Current Diagnosis and Prescription for the Marian Syndrome: Aortic Root and Valve Replacement

Vincent L. Gott, Duke E. Cameron, Bruce A. Reitz, Reed E. Pyeritz

Research output: Contribution to journalEditorial

Abstract

Since 1976, the procedure of choice for patients with Marian aneurysm of the ascending aorta at this institution has been the Bentall procedure or its modification. One hundred seventy‐four Marian patients have had ascending aortic aneurysm repair with a prosthetic composite graft. An additional four children and two adults have had aortic root replacement with a cry preserved homograft. Thirty‐seven (21%) patients came to operation with an acute or chronic dissection involving the ascending aorta. Thirty‐one (17%) patients having aortic root replacement also had mitral valve repair or replacement. The first 86 patients in the series had a hemostatic Bentall wrap constructed; however, in the last 88 patients, the ascending aorta has been transected completely and the aortic wall tacked loosely over the composite graft. It is our preference to construct a direct end‐to‐side anastomosis of each coronary ostium to the side of the composite graft. In the past, we used the Cabrol interposed graft for low‐lying coronary ostia, but currently favor the “button technique” for this procedure. One hundred fifty‐six of 180 patients underwent elective root replacement with no hospital mortality. Twenty‐four patients underwent urgent or emergency surgery; 17 of these patients with acute dissection or rupture underwent emergency surgery. Two of these patients with rupture died intraoperatively. Therefore, overall hospital mortality among the 180 patients was 1.1%. There have been 14 late deaths among 178 patients discharged from the hospital (7.9%). Five of these late deaths occurred among our first 11 patients operated on between 1976 and 1979. Since 1980, there have been nine late deaths among 167 patients (5.4%). Three of these nine late deaths were related to late dissection of the distal unoperated thoracic or abdominal aorta. Satisfactory results can be achieved in patients with Marian aneurysms using the Bentall operative repair, and long‐term results have been improved further by elimination of the aortic wrap. Close follow‐up of the thoracic and abdominal aorta for late dilatation and dissection remains an essential part of the management of Marian patients. (J Card Surg 1994;9[Suppl]:177–781)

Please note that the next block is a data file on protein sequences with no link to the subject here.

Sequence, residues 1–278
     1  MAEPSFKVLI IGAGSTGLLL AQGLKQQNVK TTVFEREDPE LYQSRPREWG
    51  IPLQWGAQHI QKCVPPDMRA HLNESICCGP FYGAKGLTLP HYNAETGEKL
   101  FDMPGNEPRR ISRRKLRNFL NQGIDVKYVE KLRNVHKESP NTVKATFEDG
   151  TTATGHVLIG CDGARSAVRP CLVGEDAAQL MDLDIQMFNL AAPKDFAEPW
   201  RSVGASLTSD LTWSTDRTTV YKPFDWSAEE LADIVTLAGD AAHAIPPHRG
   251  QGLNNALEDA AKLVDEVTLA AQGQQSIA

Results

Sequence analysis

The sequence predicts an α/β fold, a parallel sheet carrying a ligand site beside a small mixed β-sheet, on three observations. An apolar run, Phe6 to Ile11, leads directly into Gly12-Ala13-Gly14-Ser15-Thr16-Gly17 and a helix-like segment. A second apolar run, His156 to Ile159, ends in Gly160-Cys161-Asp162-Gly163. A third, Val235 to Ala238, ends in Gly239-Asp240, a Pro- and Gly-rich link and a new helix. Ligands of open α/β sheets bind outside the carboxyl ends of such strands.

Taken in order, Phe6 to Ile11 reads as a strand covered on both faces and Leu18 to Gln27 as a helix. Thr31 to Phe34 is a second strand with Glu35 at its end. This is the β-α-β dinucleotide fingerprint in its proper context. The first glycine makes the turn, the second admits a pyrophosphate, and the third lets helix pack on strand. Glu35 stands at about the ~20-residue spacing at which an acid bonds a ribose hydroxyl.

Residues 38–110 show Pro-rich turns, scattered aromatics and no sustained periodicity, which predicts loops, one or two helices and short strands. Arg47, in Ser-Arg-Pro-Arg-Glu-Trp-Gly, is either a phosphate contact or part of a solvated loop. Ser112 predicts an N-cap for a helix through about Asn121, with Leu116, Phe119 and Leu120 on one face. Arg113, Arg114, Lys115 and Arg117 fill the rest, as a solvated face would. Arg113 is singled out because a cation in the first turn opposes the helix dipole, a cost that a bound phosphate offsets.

Original languageEnglish (US)
Pages (from-to)177-181
Number of pages5
JournalJournal of Cardiac Surgery
Volume9
DOIs
StatePublished - Mar 1994

ASJC Scopus subject areas

  • Surgery
  • Pulmonary and Respiratory Medicine
  • Cardiology and Cardiovascular Medicine

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